Any horse that is 58 inches (14.2 "hands") or less is considered a pony regardless of its breeding. The term “polo pony” dates back to the early years of polo in the United States, when height restrictions were mandated. Unlike any other sport, the horse defines the game and plays a substantial role in a player’s proficiency. In fact,
by definition alone, a polo pony, “a horse trained for use as a mount in playing polo and characterized primarily
by endurance, athleticism, speed, courage, and docility
,” is often considered the single greatest determinant of match outcome.

After seeing kids play polo against the big guys, it only shows that horses are the great equalizer in the world. No matter what you weigh, the little fellow is your equal on a horse.
— Will Rogers

The equipment a polo pony requires is different than that used in other equestrian sports. Two sets of reins are required while playing, the polo saddle is it's own style, and most use a second girth, or cinch, that goes over the saddle for extra safety. A polo pony will not be successful without a competent groom. Manes are shaved and the ponies’ tails are wrapped or braided to prevent the hazard of becoming entangled with players’ mallets or reins. As the unsung heroes of the game, the grooms take care of all the day-to-day responsibilities behind the scenes.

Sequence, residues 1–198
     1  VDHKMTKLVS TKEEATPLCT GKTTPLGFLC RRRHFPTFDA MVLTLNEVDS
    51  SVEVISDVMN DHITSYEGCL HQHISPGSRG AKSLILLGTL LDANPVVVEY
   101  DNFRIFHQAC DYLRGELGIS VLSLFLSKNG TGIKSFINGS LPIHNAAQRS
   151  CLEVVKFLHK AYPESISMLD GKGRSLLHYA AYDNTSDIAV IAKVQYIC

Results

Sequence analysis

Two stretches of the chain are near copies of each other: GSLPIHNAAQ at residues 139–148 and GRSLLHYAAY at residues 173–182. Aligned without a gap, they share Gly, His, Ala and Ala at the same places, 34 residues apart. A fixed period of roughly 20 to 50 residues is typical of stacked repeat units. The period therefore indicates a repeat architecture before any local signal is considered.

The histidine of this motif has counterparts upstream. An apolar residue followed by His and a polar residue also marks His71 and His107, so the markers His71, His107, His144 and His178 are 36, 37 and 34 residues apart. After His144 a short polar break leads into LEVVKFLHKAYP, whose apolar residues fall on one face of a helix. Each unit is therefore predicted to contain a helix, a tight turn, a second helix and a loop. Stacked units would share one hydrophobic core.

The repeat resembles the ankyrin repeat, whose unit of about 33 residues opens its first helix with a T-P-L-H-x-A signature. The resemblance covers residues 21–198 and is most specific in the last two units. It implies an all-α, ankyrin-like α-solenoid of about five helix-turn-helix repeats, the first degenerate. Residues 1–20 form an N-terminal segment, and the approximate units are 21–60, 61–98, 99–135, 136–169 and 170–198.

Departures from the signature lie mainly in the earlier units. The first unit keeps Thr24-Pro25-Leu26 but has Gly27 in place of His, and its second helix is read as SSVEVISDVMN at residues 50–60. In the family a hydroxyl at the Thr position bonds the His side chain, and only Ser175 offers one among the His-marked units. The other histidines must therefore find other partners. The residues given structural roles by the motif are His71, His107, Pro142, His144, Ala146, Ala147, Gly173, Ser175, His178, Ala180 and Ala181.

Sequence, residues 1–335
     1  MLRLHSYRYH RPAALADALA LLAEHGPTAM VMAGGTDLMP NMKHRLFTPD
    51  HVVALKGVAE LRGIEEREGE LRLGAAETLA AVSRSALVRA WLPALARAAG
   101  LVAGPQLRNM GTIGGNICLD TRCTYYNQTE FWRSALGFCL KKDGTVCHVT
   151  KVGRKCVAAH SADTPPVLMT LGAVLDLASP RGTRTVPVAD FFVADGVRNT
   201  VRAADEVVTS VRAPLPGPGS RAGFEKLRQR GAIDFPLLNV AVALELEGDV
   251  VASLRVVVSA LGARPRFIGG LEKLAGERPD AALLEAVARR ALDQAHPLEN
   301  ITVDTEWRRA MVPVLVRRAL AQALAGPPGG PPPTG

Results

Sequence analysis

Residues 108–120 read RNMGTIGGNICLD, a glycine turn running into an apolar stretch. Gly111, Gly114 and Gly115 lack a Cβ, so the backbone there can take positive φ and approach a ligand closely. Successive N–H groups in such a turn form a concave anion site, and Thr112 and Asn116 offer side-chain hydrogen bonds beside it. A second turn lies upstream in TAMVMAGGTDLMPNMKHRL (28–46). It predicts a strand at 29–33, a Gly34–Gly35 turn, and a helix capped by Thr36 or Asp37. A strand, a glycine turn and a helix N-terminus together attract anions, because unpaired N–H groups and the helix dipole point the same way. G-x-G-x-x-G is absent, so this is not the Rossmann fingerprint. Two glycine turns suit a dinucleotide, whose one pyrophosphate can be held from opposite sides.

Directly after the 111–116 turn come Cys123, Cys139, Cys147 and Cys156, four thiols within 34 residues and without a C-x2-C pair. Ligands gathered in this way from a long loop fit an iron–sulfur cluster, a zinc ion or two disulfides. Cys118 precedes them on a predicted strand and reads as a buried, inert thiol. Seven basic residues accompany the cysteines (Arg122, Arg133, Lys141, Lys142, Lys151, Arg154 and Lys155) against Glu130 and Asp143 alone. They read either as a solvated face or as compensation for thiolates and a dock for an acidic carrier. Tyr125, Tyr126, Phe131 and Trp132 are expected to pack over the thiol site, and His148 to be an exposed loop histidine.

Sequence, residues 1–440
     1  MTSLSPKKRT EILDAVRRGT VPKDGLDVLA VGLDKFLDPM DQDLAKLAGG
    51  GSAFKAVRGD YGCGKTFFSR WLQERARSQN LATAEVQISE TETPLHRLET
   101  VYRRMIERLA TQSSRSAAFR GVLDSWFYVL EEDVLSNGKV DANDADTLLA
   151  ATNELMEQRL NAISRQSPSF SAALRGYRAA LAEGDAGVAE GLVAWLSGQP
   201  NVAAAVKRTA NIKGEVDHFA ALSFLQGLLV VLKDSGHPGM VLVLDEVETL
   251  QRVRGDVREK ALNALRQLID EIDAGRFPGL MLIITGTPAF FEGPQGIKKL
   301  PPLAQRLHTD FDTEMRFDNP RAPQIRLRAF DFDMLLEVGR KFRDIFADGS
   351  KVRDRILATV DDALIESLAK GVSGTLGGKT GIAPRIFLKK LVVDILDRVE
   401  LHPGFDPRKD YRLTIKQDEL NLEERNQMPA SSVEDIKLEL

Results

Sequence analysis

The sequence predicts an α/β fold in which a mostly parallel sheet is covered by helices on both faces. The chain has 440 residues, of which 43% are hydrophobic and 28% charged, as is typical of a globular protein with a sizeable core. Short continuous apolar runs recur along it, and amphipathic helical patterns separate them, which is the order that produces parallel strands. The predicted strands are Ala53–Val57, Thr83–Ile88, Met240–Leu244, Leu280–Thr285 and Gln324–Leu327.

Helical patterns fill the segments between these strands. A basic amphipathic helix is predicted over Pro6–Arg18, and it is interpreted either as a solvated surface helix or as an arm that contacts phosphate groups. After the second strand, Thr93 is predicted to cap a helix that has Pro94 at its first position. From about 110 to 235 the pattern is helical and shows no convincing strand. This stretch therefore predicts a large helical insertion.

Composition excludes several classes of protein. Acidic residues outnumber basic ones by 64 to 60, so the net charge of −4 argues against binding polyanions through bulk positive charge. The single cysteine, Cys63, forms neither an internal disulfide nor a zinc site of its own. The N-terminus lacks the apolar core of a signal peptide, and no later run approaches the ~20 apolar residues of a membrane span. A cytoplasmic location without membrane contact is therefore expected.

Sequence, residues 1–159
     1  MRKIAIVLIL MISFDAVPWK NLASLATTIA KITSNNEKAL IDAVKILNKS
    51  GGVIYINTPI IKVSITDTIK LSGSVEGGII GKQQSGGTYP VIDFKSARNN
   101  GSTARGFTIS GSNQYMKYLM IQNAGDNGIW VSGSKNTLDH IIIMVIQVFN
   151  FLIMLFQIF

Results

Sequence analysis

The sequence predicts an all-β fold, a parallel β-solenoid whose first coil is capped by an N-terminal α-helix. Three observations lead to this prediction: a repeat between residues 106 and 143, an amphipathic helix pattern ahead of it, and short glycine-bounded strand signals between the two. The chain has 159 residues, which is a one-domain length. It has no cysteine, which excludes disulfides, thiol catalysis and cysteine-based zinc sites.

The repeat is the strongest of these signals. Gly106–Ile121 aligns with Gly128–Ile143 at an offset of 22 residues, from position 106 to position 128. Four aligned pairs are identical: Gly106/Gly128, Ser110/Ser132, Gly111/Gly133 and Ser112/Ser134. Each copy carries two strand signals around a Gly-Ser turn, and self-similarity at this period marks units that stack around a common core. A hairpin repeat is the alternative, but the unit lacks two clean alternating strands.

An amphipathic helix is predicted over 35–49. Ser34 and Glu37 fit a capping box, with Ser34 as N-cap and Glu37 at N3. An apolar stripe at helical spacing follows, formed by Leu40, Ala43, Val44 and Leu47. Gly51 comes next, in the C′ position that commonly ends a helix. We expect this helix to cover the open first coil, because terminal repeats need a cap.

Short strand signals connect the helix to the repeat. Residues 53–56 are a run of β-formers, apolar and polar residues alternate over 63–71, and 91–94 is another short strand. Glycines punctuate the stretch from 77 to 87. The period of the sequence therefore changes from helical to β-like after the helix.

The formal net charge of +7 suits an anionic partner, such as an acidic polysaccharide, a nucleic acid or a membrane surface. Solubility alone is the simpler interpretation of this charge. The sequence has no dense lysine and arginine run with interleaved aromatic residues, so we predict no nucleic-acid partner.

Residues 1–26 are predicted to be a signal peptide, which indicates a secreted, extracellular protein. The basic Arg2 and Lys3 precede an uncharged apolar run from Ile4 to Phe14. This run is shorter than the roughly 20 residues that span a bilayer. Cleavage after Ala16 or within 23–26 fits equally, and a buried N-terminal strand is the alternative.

Although there is crossover in the breeds used to play and they can be of any size, the best polo ponies are of the thoroughbred blood whose main qualities are heart, speed, wind, stamina, with the ability to accelerate, stop, and turn quickly; and whose temperament is amenable to the rigors of match play. Many polo players describe their best mounts as having big hearts, an aggressive confidence, and a feel for the game.